Glutamate receptors at atomic resolution

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Nature (Impact Factor: 41.46). 04/2006; 440(7083):456-62. DOI: 10.1038/nature04709
Source: PubMed


At synapses throughout the brain and spinal cord, the amino-acid glutamate is the major excitatory neurotransmitter. During evolution, a family of glutamate-receptor ion channels seems to have been assembled from a kit consisting of discrete ligand-binding, ion-channel, modulatory and cytoplasmic domains. Crystallographic studies that exploit this unique architecture have greatly aided structural analysis of the ligand-binding core, but the results also pose a formidable challenge, namely that of resolving the allosteric mechanisms by which individual domains communicate and function in an intact receptor.

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Available from: Mark L Mayer, Oct 06, 2015
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    • "Early evidence favored a pentameric structure for iGluRs based on the sizes of chemically cross-linked proteins and the number of distinct channel activities produced by the mixture of two subunits (Dingledine et al., 1999). However, an overwhelming number of studies analyzing structures, desensitization properties and cross-linking between subunits through cysteines now suggest that mammalian iGluRs assemble as tetramers (reviewed in Mayer, 2006; Traynelis et al., 2010). In mammals, functional ligand-gated channels can be formed from either homo-or heteromers of four subunits within the same agonist class (Rosenmund et al., 1998). "
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    ABSTRACT: The plant glutamate-like receptor homologs (GLRs) are homologs of mammalian ionotropic glutamate receptors (iGluRs) which were discovered more than 10 years ago, and are hypothesized to be potential amino acid sensors in plants. Although initial progress on this gene family has been hampered by gene redundancy and technical issues such as gene toxicity; genetic, pharmacological, and electrophysiological approaches are starting to uncover the functions of this protein family. In parallel, there has been tremendous progress in elucidating the structure of animal glutamate receptors (iGluRs), which in turn will help understanding of the molecular mechanisms of plant GLR functions. In this review, we will summarize recent progress on the plant GLRs. Emerging evidence implicates plant GLRs in various biological processes in and beyond N sensing, and implies that there is some overlap in the signaling mechanisms of amino acids between plants and animals. Phylogenetic analysis using iGluRs from metazoans, plants, and bacteria showed that the plant GLRs are no more closely related to metazoan iGluRs as they are to bacterial iGluRs, indicating the separation of plant, other eukaryotic, and bacterial GLRs might have happened as early on as the last universal common ancestor. Structural similarities and differences with animal iGluRs, and the implication thereof, are also discussed.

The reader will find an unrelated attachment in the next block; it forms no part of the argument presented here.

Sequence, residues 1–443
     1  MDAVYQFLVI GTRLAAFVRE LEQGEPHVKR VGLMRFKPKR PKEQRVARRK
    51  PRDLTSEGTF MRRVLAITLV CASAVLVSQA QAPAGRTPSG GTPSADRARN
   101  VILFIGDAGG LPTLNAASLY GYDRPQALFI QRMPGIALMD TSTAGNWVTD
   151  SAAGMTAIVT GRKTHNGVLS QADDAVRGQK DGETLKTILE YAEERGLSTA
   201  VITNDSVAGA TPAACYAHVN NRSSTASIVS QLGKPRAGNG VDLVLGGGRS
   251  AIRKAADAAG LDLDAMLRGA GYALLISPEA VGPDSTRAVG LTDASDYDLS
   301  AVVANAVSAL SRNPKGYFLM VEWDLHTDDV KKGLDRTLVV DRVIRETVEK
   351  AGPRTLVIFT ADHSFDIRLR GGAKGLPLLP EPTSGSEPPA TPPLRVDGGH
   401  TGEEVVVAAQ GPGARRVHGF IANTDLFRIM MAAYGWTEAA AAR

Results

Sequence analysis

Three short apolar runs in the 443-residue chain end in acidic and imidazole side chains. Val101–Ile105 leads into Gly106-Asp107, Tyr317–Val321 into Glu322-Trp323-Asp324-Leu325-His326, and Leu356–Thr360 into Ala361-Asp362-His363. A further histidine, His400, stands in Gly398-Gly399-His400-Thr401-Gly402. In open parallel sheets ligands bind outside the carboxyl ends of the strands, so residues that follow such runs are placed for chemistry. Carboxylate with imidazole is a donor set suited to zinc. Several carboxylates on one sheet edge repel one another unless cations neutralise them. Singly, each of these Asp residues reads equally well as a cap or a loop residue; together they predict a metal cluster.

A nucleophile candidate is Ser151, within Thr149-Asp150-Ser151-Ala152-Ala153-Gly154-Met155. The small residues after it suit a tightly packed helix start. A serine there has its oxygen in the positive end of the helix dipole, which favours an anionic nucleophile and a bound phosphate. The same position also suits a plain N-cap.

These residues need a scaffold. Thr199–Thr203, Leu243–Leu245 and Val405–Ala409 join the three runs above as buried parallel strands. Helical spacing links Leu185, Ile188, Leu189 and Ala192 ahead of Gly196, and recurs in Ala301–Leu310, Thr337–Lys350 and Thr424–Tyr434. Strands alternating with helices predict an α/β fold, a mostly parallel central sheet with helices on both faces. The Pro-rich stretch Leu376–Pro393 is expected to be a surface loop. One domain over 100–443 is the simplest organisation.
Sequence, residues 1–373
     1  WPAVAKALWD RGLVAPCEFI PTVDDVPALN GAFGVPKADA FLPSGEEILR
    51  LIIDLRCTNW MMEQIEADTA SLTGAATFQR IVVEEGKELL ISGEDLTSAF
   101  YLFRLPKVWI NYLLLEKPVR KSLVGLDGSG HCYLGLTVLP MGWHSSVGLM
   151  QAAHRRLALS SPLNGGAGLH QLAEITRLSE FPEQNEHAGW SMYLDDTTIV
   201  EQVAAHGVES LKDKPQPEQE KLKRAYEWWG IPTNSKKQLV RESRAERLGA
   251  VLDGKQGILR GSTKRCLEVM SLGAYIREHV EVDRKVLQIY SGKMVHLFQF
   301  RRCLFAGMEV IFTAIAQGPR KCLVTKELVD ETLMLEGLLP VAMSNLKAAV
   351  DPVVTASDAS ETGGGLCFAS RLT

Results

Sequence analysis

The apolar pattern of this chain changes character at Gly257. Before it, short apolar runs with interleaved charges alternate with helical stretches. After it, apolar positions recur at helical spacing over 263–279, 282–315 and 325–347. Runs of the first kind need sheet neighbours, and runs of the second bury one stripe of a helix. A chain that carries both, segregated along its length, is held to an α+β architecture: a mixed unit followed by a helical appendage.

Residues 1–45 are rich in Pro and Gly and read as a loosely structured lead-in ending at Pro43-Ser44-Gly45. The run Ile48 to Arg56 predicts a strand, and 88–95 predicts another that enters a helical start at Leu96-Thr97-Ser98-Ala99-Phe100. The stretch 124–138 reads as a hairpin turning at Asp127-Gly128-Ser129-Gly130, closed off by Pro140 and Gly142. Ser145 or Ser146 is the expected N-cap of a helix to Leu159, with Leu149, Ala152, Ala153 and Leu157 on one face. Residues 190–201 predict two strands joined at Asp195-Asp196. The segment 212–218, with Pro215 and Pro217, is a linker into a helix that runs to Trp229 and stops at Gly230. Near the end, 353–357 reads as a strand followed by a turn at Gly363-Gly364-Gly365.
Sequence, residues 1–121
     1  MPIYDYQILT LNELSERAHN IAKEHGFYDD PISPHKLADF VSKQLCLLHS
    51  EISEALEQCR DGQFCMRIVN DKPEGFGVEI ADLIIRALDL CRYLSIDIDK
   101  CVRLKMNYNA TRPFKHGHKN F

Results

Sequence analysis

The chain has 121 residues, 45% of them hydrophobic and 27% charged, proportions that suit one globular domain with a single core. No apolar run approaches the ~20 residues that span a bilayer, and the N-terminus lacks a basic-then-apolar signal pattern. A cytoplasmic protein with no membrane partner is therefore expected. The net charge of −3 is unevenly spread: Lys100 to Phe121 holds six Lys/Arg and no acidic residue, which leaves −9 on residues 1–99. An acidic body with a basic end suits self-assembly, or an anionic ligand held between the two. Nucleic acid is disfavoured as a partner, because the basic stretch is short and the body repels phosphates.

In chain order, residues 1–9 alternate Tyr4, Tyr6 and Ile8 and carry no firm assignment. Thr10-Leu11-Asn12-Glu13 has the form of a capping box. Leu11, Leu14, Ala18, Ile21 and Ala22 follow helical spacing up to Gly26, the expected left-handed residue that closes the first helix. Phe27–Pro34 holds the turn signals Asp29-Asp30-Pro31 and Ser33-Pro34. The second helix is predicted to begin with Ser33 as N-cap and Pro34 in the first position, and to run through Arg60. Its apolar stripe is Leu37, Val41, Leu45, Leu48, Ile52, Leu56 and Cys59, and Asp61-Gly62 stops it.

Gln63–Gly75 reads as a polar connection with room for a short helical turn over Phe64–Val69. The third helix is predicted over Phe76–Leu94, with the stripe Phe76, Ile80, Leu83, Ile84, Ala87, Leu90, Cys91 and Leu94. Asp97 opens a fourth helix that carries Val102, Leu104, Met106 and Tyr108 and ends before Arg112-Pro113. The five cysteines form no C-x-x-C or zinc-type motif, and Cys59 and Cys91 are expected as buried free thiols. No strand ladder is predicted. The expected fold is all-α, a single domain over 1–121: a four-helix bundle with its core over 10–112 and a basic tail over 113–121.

Frontiers in Plant Science 10/2012; 3:235. DOI:10.3389/fpls.2012.00235 · 3.95 Impact Factor
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    • "The long extracellular N-terminal regions of NMDAR subunits are organized as a tandem of two domains. The first domain, called the N-terminal domain (NTD) that includes the first 380 amino acids, is involved in tetrameric assembly (Mayer, 2006; Paoletti and Neyton, 2007; Stroebel et al., 2011). The second domain of about 300 amino acids is known as the agonist-binding domain (ABD) that precedes the TM1 domain. "